“The plasticity and infinite possibilities of clay never ceases to amaze. I am attracted to the discipline of throwing pots on a wheel because even with this restraint the variety of forms possible is endless. Although I have had a demanding career in biological research I have always made pots. Regretfully I have not had the time to do a formal ceramics course but many potters have freely given me help in developing my skill. Whilst studying in Cardiff I joined an arts group which introduced me to the ceramics department in the Art College and to Meira and Eric Stockle. Eric gave me my first lessons in throwing.
Following a move to Leeds I met further potters and attended a kiln building course as well as finding more opportunities to throw pots. However, it was a two year spell in Los Angeles that introduced me to my most important ceramics mentor – Sarna Krusoe. With her help I improved my throwing technique, started to appreciate glaze formulation, had my first experience of Raku and Pit firing, and started to appreciate the huge range of ceramic art. Returning to the UK, I built a wheel and kiln to produce and fire slipware. I now fire mainly at stoneware temperatures and focus on glazes and simple forms. Now family have left home, retirement, and the near completion of the latest building project mean I have more time to devote to pottery.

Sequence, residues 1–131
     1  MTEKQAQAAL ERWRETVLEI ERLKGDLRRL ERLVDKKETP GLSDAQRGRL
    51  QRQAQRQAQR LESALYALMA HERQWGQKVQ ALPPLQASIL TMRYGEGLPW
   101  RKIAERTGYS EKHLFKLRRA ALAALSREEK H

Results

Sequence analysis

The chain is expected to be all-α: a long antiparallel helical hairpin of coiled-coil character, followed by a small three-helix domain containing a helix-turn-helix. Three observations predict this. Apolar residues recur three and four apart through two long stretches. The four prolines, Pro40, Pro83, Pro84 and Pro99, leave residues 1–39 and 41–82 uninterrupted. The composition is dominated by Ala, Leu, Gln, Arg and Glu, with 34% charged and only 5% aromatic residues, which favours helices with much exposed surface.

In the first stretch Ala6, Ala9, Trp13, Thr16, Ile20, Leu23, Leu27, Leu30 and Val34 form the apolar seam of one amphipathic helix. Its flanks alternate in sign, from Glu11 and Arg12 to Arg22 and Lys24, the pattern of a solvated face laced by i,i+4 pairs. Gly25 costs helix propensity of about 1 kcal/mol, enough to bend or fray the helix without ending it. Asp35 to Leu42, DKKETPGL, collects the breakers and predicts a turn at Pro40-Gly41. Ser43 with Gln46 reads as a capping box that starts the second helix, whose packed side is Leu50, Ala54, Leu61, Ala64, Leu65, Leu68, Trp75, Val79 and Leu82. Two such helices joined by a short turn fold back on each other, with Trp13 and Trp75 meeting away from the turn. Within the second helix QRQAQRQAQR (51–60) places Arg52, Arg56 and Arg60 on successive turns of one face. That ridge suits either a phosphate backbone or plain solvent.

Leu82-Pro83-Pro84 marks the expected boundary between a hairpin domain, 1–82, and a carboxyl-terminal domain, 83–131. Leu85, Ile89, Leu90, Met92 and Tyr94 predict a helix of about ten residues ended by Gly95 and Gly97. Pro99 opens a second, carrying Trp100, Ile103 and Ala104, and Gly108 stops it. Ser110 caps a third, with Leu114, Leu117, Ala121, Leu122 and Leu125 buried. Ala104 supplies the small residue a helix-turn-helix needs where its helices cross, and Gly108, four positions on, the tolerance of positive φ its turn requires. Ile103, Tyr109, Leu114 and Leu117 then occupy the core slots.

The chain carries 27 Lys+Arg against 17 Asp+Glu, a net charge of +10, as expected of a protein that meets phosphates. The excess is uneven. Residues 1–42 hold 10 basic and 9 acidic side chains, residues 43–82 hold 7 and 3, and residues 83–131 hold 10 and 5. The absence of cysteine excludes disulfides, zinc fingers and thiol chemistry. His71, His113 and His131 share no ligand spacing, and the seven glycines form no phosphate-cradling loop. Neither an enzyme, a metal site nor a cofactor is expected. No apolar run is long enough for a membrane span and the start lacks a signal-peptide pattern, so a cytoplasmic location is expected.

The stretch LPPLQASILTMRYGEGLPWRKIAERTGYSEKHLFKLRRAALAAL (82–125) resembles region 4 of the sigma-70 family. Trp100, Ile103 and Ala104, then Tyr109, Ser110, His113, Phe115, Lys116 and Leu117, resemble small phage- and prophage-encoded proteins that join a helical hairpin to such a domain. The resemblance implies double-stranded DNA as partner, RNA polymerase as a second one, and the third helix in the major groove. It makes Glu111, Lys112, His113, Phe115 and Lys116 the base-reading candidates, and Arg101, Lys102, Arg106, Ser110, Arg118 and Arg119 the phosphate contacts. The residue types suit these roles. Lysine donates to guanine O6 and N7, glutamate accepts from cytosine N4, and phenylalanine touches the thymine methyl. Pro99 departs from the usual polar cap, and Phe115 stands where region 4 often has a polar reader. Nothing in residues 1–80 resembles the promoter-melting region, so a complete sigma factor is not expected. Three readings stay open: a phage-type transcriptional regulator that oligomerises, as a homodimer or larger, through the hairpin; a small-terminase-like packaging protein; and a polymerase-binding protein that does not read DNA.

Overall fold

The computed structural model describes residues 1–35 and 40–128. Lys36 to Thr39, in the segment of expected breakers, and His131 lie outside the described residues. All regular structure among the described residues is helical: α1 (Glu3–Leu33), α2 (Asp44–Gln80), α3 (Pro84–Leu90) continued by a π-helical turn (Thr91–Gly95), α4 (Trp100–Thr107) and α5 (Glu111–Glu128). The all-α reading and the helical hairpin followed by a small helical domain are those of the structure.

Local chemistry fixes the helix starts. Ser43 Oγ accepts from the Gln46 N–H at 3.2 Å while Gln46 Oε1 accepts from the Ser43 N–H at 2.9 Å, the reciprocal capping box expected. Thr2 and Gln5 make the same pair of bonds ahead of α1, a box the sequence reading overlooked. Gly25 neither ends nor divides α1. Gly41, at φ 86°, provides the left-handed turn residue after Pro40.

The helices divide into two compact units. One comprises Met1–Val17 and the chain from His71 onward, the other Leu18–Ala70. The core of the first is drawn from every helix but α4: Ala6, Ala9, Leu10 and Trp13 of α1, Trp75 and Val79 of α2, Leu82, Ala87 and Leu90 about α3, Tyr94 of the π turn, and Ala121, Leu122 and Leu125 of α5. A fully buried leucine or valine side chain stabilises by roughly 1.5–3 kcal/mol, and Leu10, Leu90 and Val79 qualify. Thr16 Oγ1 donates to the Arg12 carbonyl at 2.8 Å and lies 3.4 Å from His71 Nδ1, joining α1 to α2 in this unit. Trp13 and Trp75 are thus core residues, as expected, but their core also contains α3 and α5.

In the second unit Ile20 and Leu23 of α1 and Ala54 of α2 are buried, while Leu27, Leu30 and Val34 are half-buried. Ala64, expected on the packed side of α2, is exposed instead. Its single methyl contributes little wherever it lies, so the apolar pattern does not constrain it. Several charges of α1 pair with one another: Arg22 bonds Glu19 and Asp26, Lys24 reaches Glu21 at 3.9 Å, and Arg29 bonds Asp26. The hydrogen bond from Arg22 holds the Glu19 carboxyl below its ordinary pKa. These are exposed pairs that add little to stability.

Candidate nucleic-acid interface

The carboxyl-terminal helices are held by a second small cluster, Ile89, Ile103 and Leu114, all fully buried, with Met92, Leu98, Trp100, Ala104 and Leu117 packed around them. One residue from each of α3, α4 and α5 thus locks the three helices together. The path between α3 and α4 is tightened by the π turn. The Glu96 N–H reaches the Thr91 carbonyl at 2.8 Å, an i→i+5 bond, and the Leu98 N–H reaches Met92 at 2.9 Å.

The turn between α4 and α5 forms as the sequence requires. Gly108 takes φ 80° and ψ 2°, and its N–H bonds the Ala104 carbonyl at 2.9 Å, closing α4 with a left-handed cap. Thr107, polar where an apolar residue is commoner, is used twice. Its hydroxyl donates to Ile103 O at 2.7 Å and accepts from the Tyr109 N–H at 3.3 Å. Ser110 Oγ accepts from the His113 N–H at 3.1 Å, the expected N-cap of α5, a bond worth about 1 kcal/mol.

My influences are quite diverse and I am particularly attracted to Chinese pottery from the Sung Dynasty and have been trying to reproduce the range of subtle blues, greens, and whites from this period. Some earlier Chinese Tang pottery has a matt black finish with splashes of white which is surprisingly similar to some of the effects on Lisa Hammonds work. This has led me to experiment with underglaze slips and white glaze over black. I love freely applied splashes of slips and glazes. To produce more spontaneous pots which allow greater freedom for experimentation I throw tea bowls “off the hump” in coarse clays. These are partly inspired by the Japanese tradition started by Kenzan. The work of both Hans Coper and Lucie Rea also acts as a major stimulus in my work and I make frequent attempts to create the same feel as their work. I find the forms that Hans Coper developed very challenging and love to try and throw pots with very broad flat rims. Additionally the forms of many Nigerian pots always surprise and delight. I would love to create an original synthesis of some of these diverse influences.”